It’s the holiday weekend at last and seeing as how Kelly is likely going to spending the majority of it in bed (a “Good Friday”, indeed!) I’m going to use the bonus day to complete a 3750m swim, and then get reacquainted with the weights in the gym upstairs. Just keep things festive, I’m going to celebrate the 39 lashes that Christ received with 39 reps of the heavy iron in true He-man fashion. Similarly, when Jesus gave up the ghost on the cross so to speak, there was an earthquake, tombs broke open, and the curtain in the Temple was torn from top to bottom. This afternoon, however, the only tearing taking place will be my own muscle fiber and the resounding earthquake is the direct result of a whole lot of awesomeness being thrown down during my sets. Making things even more holy is the current soundtrack I have going for this workout, ‘The Low End Theory‘ by A Tribe Called Quest.
In all honesty, I know as much about A Tribe Called Quest as I know about, say, cold water fusion. In truth, I was really into my Manchester scene at that time. I do know though that band member Phife Dog (other members include dudes named Q-Tip and Jarobi White) passed away two days ago and bunches of my friends expressed their remorse publicly through Facebook so I figured I’d give them a shot this afternoon to see what all the fuss was about.
‘The Low End Theory‘ is actually the 2nd album by the New York hip hoppers released in 1991. It was one of the first records to fuse hip hop with a laid-back jazz atmosphere. In fact, the group even went so far as to hire double bassist Ron Carter from the Miles Davis Quartet on the track ‘Verses from the Abstract‘. The band showcase how rap was done before commercial success influenced many rappers’ creativity. The album’s minimalist sound is basically stripped to the essentials: vocals, drums, and bass where the bass drum and vocals emphasize the downbeat on every track. Engineer Bob Power has been quoted numerous times calling the album, “The Sgt. Pepper’s of hip hop”. Rolling Stone ranked the album at #154 in their list of the 500 Greatest Albums of All Time, stating that “people connected the dots between hip-hop and jazz – both were revolutionary forms of black music based in improvisation and flow – but A Tribe Called Quest’s second album drew the entire picture”.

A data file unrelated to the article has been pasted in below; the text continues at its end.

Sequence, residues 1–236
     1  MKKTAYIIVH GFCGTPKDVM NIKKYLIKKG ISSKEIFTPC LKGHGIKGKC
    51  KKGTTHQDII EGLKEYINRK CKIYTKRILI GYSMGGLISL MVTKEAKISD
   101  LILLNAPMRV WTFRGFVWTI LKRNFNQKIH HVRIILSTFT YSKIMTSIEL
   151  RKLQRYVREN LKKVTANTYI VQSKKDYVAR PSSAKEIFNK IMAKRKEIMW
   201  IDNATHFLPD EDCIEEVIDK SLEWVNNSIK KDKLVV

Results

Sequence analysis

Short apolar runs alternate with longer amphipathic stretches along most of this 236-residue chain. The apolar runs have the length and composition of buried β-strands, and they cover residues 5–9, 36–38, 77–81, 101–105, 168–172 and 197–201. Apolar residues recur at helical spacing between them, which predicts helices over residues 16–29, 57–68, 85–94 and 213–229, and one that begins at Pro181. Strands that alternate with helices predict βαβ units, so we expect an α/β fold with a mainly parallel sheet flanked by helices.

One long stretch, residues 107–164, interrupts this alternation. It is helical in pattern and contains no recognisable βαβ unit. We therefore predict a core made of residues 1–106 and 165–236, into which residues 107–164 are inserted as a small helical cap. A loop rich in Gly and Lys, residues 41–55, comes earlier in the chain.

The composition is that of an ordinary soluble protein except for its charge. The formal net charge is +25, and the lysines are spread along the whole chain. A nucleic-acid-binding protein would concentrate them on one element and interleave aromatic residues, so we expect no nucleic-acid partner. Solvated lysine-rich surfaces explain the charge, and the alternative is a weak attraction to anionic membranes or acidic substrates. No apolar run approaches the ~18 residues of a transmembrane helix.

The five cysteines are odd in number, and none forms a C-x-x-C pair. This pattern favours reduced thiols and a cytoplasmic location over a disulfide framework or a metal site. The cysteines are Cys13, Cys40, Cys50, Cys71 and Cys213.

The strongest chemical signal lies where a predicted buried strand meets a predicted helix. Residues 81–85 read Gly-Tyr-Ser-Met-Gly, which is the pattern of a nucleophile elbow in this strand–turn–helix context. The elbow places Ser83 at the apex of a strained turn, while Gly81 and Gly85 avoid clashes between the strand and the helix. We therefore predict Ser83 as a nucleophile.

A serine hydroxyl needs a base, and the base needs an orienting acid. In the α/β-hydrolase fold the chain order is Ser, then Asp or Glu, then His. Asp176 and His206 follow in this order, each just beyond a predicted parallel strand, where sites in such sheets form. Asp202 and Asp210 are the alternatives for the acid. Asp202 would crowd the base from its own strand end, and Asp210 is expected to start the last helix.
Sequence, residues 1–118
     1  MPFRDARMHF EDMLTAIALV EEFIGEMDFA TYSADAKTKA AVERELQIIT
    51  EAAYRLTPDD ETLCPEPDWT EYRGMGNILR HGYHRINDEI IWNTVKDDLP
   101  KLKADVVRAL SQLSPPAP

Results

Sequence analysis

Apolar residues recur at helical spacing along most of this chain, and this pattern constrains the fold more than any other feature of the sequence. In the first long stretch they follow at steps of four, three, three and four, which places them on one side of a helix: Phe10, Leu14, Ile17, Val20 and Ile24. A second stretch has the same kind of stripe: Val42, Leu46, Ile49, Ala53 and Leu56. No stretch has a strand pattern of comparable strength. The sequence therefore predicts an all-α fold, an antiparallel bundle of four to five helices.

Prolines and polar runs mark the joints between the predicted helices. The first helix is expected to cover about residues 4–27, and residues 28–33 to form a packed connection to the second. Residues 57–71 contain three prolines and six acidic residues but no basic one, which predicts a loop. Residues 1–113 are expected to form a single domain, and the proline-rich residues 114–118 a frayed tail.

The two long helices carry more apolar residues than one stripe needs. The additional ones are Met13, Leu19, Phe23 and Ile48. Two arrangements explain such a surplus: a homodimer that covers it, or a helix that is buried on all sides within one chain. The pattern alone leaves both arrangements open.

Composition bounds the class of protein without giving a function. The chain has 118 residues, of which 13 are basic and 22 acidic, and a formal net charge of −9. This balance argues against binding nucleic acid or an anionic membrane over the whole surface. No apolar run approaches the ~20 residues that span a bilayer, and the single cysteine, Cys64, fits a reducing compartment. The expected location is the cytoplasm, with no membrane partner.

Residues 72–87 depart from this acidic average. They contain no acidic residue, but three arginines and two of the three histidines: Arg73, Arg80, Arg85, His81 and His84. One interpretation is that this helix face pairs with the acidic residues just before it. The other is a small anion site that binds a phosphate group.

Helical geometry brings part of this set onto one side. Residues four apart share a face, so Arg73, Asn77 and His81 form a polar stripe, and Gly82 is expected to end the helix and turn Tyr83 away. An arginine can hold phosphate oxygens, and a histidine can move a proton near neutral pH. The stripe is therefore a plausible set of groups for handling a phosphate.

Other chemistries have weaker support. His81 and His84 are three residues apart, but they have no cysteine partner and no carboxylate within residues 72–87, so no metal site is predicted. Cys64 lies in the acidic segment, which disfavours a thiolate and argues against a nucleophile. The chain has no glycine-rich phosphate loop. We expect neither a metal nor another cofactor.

As far my own opinion of the album goes, it’s definitely…decent. I mean, I really liked the double bass effects in certain song, ‘Buggin’ Out‘ being the best example. But I failed to make an instant “Oh fuck me, this is awesome!” connection to it. It’s far from ever going on the Shit List, of course, and it is a fun listen. After all, any album that can reference Busta Rhymes, the 80’s television show ‘Riptide‘, Scud missiles, Buster Douglas, Tender Vittles, 8-ball jackets, Mr. Furley (of ‘Three’s Company‘ fame) and whateva the hell “Beatnuts” is, is definitely worthy of attention.
That’s all I’m sayin’ homeslice, dig?
Now, just being able to enjoy the album doesn’t mean I’m necessarily all down with the “hippity hop” any more than my owning one Bob Marley album makes me a Rude Boy but still, I confess, I can better see why some of my friends liked this band (and album) and were so broken up over this Phife Dog’s passing. And while I might not be the next A Tribe Called Quest convert, I definitely wouldn’t avoid listening to other albums in the future should they present themselves.
Oh, and in case you’re wondering about this album or band yourself, you can listen to it yourself by clicking HERE.